And it is only when it has finished discussing the Ohel Mo'ed that it switches to the Mitzvos, beginning with that of Pesach, and the events as they occurred, in chronological order.
The Korban Pesach - Again
"Yisrael shall make the Pesach in its time" (9:2).
The Torah sees fit to repeat the Mitzvah of the Korban Pesach again, the Ramban explains, because in Parshas Bo (See Pasuk 12:28), the Torah commanded all future Korb'nos Pesach to be brought in Eretz Yisrael. This was because Yisrael were meant to enter Eretz Yisrael immediately after leaving Egypt, and it was only due to Yisrael's sins that they found themselves still in the desert in this point in time.
Citing Chazal, the author concurs with Rashi, that this was the only Korban Pesach that Yisrael brought during their forty-year sojourn in the desert.
The Definition of 'Derech Rechokah'
" … Any man who is distant … shall bring the Pesach … on the fourteenth day of the second month" (9:10).
Rashi defines distant as outside the threshold of the Azarah for the entire duration of the Shechitah of the Korban Pesach - which is basically synonymous with the afternoon of Erev Pesach.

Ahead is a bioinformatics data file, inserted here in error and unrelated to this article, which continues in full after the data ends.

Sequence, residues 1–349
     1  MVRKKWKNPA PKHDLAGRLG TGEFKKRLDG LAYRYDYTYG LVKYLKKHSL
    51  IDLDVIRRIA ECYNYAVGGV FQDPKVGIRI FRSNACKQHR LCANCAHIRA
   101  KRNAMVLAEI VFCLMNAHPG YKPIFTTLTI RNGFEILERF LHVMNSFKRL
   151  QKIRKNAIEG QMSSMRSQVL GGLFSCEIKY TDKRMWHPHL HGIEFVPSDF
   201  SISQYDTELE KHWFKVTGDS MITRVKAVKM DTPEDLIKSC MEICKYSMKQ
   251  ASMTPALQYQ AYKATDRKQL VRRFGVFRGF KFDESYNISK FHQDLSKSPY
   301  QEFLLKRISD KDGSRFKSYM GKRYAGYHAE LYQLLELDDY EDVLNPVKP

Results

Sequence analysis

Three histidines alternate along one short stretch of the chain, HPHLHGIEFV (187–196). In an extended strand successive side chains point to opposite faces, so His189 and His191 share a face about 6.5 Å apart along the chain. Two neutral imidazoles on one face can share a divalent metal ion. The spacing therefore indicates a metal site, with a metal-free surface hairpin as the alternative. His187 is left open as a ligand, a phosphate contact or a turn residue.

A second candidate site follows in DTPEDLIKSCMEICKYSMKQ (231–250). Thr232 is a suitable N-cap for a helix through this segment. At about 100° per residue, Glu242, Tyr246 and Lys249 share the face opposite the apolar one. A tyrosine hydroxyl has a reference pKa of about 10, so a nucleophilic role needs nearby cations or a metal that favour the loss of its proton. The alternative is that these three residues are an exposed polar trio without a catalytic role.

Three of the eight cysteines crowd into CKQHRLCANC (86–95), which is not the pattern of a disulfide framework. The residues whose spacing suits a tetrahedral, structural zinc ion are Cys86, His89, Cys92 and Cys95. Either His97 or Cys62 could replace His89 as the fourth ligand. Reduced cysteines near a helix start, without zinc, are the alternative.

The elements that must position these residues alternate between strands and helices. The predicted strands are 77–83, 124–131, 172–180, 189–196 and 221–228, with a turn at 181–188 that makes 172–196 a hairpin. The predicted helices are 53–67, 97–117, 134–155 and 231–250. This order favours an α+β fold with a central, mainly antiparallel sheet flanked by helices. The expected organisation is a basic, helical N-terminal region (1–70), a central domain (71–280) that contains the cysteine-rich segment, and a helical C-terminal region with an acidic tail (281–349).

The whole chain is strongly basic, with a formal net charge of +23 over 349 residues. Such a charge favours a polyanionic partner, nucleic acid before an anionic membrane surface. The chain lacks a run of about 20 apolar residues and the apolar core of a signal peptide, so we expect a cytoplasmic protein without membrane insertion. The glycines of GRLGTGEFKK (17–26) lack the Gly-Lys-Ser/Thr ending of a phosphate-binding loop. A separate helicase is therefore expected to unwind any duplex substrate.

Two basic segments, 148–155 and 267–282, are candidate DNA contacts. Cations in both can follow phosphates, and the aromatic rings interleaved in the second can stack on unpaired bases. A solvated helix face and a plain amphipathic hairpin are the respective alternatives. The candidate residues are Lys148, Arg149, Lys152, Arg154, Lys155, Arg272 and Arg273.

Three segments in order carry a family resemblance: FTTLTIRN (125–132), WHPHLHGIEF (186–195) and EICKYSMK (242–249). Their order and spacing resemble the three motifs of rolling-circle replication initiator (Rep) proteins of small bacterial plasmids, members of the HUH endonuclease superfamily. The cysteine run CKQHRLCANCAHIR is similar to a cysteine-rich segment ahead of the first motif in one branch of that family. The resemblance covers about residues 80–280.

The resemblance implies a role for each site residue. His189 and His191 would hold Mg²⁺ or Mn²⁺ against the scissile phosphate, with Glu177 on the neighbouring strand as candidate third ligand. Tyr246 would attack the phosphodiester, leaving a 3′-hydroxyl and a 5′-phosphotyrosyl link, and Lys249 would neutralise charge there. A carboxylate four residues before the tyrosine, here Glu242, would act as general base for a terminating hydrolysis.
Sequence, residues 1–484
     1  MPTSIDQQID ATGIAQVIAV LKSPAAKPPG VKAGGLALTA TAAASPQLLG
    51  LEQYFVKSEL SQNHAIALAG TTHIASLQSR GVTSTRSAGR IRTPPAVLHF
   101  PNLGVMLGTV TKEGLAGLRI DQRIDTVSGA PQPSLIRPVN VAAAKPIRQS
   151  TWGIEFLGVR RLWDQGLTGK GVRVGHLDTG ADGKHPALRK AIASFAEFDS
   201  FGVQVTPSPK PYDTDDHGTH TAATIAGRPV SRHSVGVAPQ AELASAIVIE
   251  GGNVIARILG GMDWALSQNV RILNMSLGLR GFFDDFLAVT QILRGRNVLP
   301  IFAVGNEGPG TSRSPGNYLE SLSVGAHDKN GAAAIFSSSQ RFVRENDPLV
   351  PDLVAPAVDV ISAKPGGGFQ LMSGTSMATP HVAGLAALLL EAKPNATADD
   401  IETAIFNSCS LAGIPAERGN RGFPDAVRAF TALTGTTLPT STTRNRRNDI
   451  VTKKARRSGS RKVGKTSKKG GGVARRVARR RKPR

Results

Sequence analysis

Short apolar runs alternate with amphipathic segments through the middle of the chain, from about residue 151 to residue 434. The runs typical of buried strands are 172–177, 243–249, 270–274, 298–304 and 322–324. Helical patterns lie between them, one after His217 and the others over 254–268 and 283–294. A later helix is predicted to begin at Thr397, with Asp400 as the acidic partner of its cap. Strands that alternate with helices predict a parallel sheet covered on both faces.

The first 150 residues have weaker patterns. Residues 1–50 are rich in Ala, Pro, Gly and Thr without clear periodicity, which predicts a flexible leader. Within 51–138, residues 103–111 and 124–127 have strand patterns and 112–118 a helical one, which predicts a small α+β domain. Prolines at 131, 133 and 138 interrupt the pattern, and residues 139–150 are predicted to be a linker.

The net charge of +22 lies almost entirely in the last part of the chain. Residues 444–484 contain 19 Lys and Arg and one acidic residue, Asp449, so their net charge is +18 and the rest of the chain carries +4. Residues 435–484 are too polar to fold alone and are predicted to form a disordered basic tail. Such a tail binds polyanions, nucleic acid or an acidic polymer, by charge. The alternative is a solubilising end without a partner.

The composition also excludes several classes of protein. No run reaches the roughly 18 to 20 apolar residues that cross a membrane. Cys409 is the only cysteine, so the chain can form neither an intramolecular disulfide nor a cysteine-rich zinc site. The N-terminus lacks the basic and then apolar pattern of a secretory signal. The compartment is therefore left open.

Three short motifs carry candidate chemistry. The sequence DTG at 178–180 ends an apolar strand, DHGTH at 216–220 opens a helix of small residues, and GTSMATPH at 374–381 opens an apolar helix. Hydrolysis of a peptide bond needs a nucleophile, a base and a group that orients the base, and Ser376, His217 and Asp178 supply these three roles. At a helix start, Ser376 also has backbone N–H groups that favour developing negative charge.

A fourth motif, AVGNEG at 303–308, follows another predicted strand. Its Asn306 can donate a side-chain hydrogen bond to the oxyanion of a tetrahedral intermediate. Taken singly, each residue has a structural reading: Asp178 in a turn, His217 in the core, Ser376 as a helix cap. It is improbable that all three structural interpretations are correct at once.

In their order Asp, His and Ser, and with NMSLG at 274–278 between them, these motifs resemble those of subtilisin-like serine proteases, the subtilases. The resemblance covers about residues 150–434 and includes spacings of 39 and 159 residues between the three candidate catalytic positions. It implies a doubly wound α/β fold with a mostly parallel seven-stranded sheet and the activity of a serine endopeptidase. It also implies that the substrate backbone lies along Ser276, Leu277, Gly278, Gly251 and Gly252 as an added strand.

This is the opinion of Rebbi Eliezer in Pesachim (93b), who learns it from the dot in the 'Hey' of the word "rechokah". The Ramban however, expresses surprise that Rashi cites the opinion of Rebbi Eliezer and not that of Rebbi Akiva whose opinion is the Halachah. Rebbi Akiva defines it as the inability to reach the Azarah in time to Shecht the Korban Pesach, which the Gemara equates with not having reached the town 'Hamodi'in' by just after mid-day (the time that the Shechitah commences). In any event, the Ramban adds, 'distant' is not meant literally, which explains the dot in the 'Hey' even according to this opinion.